|Date of Issue||July 6, 2006|
|Perforation or Dimension||Simulated perforation top and bottom = Dentelure simulée (bords supérieur et inférieur)|
|Printer||Lowe-Martin Company Inc..|
M-NH-VF Mint - Never Hinged - Very Fine
|Mint - Never Hinged - Very Fine||$1.30|
U-VF Used - Very Fine
|Used - Very Fine||$0.40|
The hidden date for this stamp can be found on the blue ticket.
The World Lacrosse Championships occured on July 13-22, 2006 in London, Ontario, Canada.
From its early beginnings as the "Creator's Game" to the overwhelming popularity of the modern-day game, lacrosse has survived the test of time and, in 1994, was declared by Parliament to be Canada's official national summer sport.
When Europeans were first introduced to lacrosse in Canada in the 17th century, the First Nations had been playing the game for around five hundred years. The Aboriginal peoples considered the sport a gift from the Creator and called it the "Creator's Game." They saw playing it as an act of thanksgiving. The game was known by the Mohawk as Tewaarathon and by the Ojibway as Baggataway, but Jesuit missionaries thought the stick used to play the sport resembled a bishop's crozier and named the game Lacrosse.
The origins of the modern game can be traced to the Iroquois version of lacrosse, which was played by natives who settled in the Caughnawaga and St. Regis reserves near Montréal after the American Revolution. By 1844, English and French settlers in the area were arranging competitions with the Iroquois.
Today, lacrosse remains an integral part of native culture and is enjoying a resurgence of interest both in Canada and internationally. Between July 13 and July 22, 2006, more than 20 field lacrosse teams from around the world will gather in London, Ontario, for the 2006 World Lacrosse Championships. To mark this historic event, on July 6, 2006, Canada Post will issue a domestic rate (51¢) stamp.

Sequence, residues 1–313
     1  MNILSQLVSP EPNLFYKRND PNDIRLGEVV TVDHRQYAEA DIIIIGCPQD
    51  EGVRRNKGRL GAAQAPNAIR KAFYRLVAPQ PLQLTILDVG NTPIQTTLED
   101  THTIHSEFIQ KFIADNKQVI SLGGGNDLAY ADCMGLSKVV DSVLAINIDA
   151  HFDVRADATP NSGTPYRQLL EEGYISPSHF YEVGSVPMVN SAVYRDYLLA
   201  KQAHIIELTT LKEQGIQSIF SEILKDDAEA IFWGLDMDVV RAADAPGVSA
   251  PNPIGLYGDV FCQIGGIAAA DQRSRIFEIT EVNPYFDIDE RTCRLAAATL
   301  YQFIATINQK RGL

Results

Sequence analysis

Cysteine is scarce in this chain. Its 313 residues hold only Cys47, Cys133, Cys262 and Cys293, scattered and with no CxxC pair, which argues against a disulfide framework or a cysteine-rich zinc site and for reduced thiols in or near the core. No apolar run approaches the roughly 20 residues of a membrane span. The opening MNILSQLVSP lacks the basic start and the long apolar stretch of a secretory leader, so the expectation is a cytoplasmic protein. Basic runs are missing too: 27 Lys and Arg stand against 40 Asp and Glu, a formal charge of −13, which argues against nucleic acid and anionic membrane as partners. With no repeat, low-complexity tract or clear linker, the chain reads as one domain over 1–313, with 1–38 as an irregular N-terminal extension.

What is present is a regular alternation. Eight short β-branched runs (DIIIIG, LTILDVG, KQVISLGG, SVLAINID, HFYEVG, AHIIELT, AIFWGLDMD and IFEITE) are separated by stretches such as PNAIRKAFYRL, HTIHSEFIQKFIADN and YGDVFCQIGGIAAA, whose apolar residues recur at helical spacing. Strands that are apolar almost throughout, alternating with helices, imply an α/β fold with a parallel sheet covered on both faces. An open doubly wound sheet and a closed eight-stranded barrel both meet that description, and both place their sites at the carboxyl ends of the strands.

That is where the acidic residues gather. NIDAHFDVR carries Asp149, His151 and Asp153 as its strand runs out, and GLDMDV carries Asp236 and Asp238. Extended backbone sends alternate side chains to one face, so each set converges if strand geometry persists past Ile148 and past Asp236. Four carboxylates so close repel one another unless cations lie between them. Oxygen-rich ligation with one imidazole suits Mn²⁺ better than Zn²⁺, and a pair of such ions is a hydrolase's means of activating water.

Designed by Tom Yakobina and illustrated by Yvan Meunier, the stamp features a high-energy illustration of a lacrosse player in dynamic stance against a background of international event tickets. An image of nets, placed behind the tickets, offers a sense of dimensionality.
"I wanted the stamp design to be suggestive of a poster advertising the Championships," explains Yakobina. "The player is blurred slightly to deliver a feeling of movement, and he holds his stick high as he charges across a background comprised of tickets to the event. Small flags at the top of each ticket represent countries participating in the Championships."
The illustration of the lacrosse player was inspired by a photograph that Yakobina found on the cover of an old book called Lacrosse: Technique and Tradition. The book's author, Robert Scott, was a leading lacrosse coach in North America and taught at Johns Hopkins University. The book's cover photograph, which was by Robert Rothgaber of Baltimore, shows three lacrosse players in scrimmage, and this grouping has been reproduced by illustrator Yvan Meunier on the Official First Day Cover.
"Lacrosse has a long and illustrious history in Canada," says Alain Leduc, Manager of Stamp Design and Production at Canada Post. "The World Lacrosse Championships take place only once every four years, and this year's event has the largest number of nations registered to participate ever. We feel this stamp is a fitting tribute to the Championships and the sport - and to all the people involved in it."
For more information about the World Lacrosse Championships, please visit www.lacrosse2006.com. Further information about lacrosse can be found at http://www.canadahistory.com/sections/culture/sports/lacrosse.htm.